NEW YORK (TheStreet) -- Life just got a lot more challenging for the cable and broadcast TV networks.
Charter Communication's (CHTR - Get Report) proposed $55 billion takeover of Time Warner Cable (TWC) would shrink the number of Internet and cable TV distributors in the U.S. to just four. With fewer outlets to sell their shows, TV and cable networks would have less leverage to demand high fees and inclusion of some of their niche channels.
That would hurt revenue at content providers such as Discovery (DISCA - Get Report), AMC Networks (AMCX - Get Report), Scripps Networks Interactive (SNI) and even giant Viacom (VIAB - Get Report), whose 2014 revenue totaled $13.9 billion.
The only solution may be for the networks to merge with one another -- or be taken over by the cable and Internet distributors themselves.
"It is logical to see some large-cap entertainment companies use consolidation to try to regain some leverage in the marketplace and attain cost efficiencies," Craig Huber, media analyst at Huber Research, said in a phone interview. "Right now, there is tremendous pressure on distributors and content companies. There's just no easy solution for either one."
If regulators approve the Charter-Time Warner Cable deal, there would be just three other major cable TV and Internet-service distributors: Verizon (VZ); Comcast (CMCSA - Get Report) and a possible merged AT&T (T)-DirecTV (DTV), whose $49 billion transaction must obtain regulatory approval.
Cable-TV operators, meanwhile, are having to adjust their business models as customers increasingly buy subscriptions of Internet-based video services such as Dish Network's (DISH) Sling TV, Sony's (SNE) Vue or Time Warner's (TWX) HBO NOW.
Loath to accelerate that migration, Charter and others are trying to keep their rates under control for fear that subscribers will drop their cable-TV contracts altogether.
"It's very possible that the cable providers decide they've had enough paying rapidly escalating carriage fees to everyone and stop paying many of the second-tier and lower cable networks," Huber added. "It could get very tough out there for all these content providers because if you don't have distribution as a cable network, you're in tougher shape just relying on advertising."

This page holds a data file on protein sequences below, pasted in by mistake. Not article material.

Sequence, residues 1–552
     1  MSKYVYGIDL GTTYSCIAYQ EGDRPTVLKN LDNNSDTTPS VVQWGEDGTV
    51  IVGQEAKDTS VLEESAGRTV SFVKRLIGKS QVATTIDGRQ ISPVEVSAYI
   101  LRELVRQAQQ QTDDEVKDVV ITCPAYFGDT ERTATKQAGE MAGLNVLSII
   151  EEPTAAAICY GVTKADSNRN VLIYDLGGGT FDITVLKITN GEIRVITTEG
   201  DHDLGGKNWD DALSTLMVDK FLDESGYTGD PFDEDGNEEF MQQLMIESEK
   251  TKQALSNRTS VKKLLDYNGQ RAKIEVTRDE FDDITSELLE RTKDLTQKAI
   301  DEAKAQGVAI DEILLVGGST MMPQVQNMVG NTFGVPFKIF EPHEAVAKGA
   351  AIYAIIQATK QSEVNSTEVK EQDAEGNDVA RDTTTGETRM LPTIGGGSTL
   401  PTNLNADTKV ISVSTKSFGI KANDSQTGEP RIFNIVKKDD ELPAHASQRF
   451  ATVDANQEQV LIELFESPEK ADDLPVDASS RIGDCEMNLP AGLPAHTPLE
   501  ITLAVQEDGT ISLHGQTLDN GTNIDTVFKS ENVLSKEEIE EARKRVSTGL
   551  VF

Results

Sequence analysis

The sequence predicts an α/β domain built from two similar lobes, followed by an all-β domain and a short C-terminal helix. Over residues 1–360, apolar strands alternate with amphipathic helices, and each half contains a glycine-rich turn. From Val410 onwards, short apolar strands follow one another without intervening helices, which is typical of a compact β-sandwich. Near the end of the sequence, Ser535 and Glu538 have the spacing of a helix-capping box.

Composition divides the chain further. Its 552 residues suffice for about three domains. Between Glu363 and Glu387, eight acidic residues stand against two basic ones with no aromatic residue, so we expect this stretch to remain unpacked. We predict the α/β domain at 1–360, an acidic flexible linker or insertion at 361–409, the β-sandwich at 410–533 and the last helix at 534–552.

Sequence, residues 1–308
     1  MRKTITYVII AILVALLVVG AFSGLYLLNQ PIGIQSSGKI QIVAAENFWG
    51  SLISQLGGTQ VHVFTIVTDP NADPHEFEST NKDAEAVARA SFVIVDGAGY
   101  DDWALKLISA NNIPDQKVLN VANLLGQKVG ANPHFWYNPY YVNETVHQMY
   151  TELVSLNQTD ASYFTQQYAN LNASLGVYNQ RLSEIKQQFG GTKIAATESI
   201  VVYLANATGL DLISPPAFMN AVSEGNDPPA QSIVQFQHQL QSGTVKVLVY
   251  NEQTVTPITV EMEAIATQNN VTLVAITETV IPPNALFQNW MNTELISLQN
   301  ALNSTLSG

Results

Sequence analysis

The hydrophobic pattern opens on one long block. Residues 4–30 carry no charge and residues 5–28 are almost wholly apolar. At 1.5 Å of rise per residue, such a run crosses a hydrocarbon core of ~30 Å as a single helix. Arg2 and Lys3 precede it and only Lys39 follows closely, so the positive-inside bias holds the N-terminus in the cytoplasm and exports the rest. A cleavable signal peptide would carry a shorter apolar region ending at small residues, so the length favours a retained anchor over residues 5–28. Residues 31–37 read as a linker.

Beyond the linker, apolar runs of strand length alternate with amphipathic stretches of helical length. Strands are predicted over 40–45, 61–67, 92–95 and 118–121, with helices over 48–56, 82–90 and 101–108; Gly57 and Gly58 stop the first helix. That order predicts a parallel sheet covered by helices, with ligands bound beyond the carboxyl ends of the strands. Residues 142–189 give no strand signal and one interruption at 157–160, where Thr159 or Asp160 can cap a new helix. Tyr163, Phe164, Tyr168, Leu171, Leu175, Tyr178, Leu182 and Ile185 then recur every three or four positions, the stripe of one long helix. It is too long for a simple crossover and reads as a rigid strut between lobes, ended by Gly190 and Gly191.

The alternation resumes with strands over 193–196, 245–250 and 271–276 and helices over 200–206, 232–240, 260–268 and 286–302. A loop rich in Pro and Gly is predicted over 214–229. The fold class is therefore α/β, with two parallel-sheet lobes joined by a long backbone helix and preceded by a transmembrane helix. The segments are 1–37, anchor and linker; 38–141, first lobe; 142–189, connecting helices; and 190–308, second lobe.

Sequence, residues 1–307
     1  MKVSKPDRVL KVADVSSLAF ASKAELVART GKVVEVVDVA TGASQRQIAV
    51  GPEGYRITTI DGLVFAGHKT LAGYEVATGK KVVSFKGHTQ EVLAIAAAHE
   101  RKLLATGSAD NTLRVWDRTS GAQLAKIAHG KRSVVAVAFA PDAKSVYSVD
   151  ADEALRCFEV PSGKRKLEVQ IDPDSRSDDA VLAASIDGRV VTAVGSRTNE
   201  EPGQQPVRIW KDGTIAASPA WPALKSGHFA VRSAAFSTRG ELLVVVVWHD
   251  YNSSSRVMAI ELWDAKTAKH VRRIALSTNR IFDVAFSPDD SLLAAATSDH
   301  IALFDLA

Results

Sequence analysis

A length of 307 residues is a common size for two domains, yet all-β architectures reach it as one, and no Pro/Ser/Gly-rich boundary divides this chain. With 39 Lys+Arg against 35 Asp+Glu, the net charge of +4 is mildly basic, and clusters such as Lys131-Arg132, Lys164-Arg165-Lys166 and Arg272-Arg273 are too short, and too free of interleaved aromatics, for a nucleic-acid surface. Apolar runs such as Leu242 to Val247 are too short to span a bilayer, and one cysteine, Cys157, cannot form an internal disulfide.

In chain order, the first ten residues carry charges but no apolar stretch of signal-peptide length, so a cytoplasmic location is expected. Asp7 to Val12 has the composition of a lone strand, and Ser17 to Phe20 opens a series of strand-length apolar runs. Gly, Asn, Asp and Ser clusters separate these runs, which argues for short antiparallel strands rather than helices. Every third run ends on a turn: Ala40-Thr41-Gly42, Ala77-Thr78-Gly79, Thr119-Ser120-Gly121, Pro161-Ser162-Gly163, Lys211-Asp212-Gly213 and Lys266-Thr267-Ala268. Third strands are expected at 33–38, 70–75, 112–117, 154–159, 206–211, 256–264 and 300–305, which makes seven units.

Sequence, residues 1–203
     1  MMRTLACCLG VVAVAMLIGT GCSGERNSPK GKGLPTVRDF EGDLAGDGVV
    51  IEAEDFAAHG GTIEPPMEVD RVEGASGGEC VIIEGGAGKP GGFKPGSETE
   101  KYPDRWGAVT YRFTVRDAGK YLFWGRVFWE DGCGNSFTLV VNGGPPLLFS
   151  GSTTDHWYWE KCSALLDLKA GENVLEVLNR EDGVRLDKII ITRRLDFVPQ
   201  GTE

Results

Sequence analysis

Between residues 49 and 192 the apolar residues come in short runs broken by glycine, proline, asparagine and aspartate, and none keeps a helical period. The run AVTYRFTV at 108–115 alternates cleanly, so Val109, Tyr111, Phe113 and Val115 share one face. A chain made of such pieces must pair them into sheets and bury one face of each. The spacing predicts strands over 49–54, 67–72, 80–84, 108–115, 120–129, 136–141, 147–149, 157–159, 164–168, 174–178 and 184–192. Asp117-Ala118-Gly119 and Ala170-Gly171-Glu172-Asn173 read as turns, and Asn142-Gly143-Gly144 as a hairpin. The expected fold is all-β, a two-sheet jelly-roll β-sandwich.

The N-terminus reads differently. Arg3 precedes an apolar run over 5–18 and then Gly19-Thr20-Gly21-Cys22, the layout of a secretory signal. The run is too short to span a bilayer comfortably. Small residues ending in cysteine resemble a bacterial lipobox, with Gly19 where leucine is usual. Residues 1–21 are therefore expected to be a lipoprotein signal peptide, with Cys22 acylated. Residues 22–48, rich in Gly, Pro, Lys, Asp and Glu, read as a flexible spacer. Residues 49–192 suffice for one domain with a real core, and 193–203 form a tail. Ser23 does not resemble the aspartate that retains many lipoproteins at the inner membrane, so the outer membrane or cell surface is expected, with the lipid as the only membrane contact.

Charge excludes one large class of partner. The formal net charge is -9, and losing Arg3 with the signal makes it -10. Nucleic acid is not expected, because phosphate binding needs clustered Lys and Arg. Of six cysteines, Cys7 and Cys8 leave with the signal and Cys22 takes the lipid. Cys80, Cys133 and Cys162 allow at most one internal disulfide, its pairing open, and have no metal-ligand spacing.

Take Viacom, owner of Nickelodeon and MTV.
In September, St. Louis-based Suddenlink Communications, the seventh largest U.S. cable-TV operator, decided to not renew its carriage agreement with Viacom. Suddenlink CEO Jerry Kent said Viacom's fees were too high, and that passing those costs on to subscribers might prompt some to drop the service.
For his part, Viacom CEO Philippe Dauman wasn't about to allow a small pay-TV provider with 1.1 million subscribers force him to lower his rates.
But earlier this week, Viacom appeared to soften its approach in securing a carriage agreement with Mediacom Communications, the eighth largest U.S. cable-TV provider with 500,000 customers. Under terms of that deal, Mediacom will have access to a "substantial increase in free video on demand and expanded TV Everywhere" offering using Viacom content.
It's logical to assume that the new Charter could ask a Viacom or a similar content company for more favorable terms and greater flexibility in bundling channels. If so, the results could be devastating. Viacom shares have already fallen 22% in the past 12 months.
In the recent past, standoffs between TV networks and distributors have generally been won by the networks. CBS stared down Time Warner Cable in 2013, while Time Warner and CBS did the same with Dish Network (DISH) last year.
But times are changing. Distributors are consolidating, and Internet-based platform companies such as AOL (AOL) and Vice, Vevo or IAC Interactive's (IACI) Vimeo are demonstrating that they, too, can attract viewers and advertisers and at much lower price than traditional TV networks.
Distributors may have the upper hand. Yes it's true that an Amazon (AMZN), Facebook (FB) or Apple (AAPL) could get into the game, giving content creators new distribution platforms. But they're not there yet.
CBS (CBS) CEO Leslie Moonves did tip his hand on Wednesday that his network will "probably" sign with Apple when it launches its own Internet-based video service. A television service from Apple could further alter the industry but that remains unclear.
Right now, TV networks that long thrived on cable TV may be searching for a partner.